Archive for 2011

Update on HealthScreen UK

May 19, 2011

Since my last post, I’ve been meeting with a wide range of employers, benefits consultants and insurers to discuss the cancer specific screening proposition of HealthScreen UK  (HSUK).

There has been massive interest about how HSUK services can reduce the emotional and financial costs of the most common cancers. The early detection of cancer and educating people how to be the first line of defence against rising incidence has so many positive benefits:

  • For the individual, knowing your cancer risk and how best to manage it dramatically improves prognosis.
  • For the families of individuals affected, the emotional strain is lessened.
  • For employers, the costs of private medical and other health related insurances are significantly reduced as are the absence costs associated with cancer only diagnosed in the later stages.
  • For insurers, early detection reduces their cancer claims liability.
  • For the NHS, the costs of treating cancer diagnosed earlier reduces financial pressure on cancer budgets.
  • For the government, it supports their cancer strategy, Improving Outcomes.

We all seem to spend so much time discussing the increasing costs of treating cancer whereas we should be promoting every way possible to ensure early detection and self awareness. 

But it’s more than just about the financial benefits. Cancer screening saves lives.

My New Role at HealthScreen UK

Mar 20, 2011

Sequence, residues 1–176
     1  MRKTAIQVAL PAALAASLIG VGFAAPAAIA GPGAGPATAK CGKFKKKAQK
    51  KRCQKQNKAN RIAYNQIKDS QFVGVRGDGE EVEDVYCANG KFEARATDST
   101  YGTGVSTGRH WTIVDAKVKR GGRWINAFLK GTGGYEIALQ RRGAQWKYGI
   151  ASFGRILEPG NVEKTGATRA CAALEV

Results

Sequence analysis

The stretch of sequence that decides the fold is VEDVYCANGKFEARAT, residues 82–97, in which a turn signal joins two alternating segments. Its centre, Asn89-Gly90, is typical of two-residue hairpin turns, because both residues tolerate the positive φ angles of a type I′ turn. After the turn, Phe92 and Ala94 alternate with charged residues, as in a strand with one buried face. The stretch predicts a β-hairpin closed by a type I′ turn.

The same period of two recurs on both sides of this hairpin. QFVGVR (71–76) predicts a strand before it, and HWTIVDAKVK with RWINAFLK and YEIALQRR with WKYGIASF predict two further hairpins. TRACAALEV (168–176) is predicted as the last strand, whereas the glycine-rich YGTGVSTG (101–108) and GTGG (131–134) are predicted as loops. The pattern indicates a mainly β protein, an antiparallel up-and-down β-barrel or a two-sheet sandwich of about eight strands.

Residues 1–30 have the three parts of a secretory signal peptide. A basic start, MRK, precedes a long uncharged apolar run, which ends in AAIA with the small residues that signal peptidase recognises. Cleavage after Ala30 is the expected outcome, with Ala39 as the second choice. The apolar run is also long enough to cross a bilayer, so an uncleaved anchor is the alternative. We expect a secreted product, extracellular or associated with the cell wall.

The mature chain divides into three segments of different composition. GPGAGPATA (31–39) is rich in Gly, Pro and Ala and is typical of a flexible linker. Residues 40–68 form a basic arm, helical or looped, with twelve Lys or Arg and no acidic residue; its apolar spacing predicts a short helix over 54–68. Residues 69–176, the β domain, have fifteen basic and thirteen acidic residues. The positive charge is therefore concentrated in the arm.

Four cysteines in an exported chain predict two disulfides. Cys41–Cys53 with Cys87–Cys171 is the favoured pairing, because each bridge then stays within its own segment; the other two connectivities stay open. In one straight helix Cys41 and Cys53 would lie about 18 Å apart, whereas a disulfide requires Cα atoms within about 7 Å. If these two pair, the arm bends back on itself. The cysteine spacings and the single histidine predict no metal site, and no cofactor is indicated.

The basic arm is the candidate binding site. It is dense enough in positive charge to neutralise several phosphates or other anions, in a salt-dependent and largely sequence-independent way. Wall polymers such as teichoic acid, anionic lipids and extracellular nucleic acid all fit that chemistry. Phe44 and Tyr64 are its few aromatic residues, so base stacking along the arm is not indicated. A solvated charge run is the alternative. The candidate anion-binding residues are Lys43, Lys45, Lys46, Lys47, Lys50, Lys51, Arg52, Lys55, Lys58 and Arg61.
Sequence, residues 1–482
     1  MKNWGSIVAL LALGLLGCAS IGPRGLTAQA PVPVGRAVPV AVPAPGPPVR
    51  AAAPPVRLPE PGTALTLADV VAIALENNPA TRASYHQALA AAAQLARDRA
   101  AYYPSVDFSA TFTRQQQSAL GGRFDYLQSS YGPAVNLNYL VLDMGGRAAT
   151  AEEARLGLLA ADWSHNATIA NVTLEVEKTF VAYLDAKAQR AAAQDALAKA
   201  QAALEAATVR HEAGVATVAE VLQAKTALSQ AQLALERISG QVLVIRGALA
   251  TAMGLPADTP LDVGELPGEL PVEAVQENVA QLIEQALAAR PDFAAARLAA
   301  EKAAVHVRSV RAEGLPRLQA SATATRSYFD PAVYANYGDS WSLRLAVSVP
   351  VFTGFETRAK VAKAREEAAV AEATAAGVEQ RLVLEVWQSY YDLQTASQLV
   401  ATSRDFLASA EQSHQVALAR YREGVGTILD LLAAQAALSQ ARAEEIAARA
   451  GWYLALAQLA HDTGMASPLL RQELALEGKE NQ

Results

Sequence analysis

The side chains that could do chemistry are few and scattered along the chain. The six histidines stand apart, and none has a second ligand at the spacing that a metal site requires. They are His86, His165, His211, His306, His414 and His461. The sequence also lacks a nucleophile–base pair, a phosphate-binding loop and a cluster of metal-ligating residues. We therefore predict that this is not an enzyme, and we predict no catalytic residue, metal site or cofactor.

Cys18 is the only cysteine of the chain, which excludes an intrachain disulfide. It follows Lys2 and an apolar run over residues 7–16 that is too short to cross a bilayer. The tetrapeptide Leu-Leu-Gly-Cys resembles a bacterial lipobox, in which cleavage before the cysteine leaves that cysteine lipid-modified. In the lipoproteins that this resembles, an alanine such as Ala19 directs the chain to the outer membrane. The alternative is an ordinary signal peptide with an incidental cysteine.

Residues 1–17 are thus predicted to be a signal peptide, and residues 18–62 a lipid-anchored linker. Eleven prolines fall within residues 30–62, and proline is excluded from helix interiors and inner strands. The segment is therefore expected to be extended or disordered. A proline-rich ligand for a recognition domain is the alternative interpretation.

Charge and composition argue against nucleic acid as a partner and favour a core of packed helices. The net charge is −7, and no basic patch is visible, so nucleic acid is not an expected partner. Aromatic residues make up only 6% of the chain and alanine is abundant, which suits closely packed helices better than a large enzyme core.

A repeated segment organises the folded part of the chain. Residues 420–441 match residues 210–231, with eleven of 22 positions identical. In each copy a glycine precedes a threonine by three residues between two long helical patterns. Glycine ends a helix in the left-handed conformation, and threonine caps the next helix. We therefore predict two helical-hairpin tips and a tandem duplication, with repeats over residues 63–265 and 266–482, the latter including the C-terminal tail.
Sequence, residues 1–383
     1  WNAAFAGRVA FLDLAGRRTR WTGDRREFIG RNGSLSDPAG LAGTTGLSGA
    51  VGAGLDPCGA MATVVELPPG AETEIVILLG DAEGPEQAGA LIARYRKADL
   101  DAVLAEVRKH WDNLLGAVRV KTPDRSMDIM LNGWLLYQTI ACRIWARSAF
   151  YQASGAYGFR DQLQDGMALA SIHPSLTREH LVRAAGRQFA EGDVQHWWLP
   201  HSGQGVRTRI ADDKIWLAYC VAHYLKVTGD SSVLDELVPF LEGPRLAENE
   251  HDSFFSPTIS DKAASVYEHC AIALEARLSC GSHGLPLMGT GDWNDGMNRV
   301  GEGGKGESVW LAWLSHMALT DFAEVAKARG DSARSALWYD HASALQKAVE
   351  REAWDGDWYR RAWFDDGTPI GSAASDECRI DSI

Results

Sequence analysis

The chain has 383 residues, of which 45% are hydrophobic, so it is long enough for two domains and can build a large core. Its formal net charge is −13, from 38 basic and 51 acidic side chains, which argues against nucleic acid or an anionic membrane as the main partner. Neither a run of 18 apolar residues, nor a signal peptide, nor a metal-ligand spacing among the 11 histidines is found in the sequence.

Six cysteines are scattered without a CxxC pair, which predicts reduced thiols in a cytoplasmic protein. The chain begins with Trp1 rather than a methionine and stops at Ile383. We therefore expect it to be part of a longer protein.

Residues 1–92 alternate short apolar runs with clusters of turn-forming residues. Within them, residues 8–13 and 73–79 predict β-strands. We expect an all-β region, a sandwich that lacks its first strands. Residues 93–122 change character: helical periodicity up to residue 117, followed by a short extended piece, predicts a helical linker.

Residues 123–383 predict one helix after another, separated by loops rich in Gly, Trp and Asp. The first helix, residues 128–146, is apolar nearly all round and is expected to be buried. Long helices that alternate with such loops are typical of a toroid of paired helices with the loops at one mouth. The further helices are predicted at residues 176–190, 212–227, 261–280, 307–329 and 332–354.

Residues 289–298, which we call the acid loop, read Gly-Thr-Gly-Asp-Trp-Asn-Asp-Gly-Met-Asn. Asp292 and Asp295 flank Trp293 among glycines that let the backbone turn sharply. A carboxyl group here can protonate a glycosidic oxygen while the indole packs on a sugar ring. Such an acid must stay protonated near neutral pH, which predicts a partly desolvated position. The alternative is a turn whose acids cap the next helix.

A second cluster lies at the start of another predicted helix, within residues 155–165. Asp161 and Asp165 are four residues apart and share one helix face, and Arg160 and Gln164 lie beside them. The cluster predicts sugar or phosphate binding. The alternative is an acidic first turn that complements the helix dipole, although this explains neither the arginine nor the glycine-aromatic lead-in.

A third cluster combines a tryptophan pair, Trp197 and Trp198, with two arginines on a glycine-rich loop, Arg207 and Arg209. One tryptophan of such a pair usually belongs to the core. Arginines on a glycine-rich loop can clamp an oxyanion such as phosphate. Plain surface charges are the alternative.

Last week I was appointed MD of HealthScreen UK, the exciting new venture to help employers and their employees in the early detection and prevention of cancer.

It’s a great business to be involved with, supporting as it does the National Strategy on Cancer, Improving Outcomes   

For details please visit  – more from me as it happens.

Mar 03, 2011

Are you going to at the NEC 8/9 March?

I’ll be there both days, spending much of my time with the team from who have just launched a new early detection service for skin cancer.

Their new website goes live 22nd March.

Might see you next week.

Government Review of Sickness Absence

Feb 18, 2011

The Government has recently announced a new review into the sickness absence system in the UK. According to the DWP , ‘ The independent review, jointly chaired by David Frost, Director General of the British Chambers of Commerce and Dame Carol Black, National Director for Health and Work, will explore radical new ways on how the current system can be changed to help more people stay in work and reduce costs.’

I’ve got a sense of deja vue. I thought that was what Dame Carol and the Health Work and Wellbeing programme had been tasked with in 2005 – that’s six years ago.  I still don’t know what effect this programme has had, as no performance indicators have ever been published.

Massive figures are quoted in the DWP press release such as working age ill health costing the economy £100 billion of which £30 to 40 billion are attributed to mental health problems.

How do we arrive at these figures? We rely on small sample absence surveys such as those from the CBI and CIPD and then try and extrapolate them across employment as a whole. Let’s be honest, we just don’t know. There’s still 25% of employers who don’t even record or monitor absence.  

If the costs to the economy really are that great and the bulk of those costs fall on the public purse through sick pay, NHS treatment costs and welfare benefits, isn’t this a good time to try and grasp the real extent of the problem.

I’m wondering whether it would be possible for every employer to be legally mandated to submit an annual return on sickness absence within its organisation.  A very simple return asking for % absence rate and several of the high ranking causes should not be too onerous to complete.  This could be submitted along with any number of employee related returns already required by HMRC.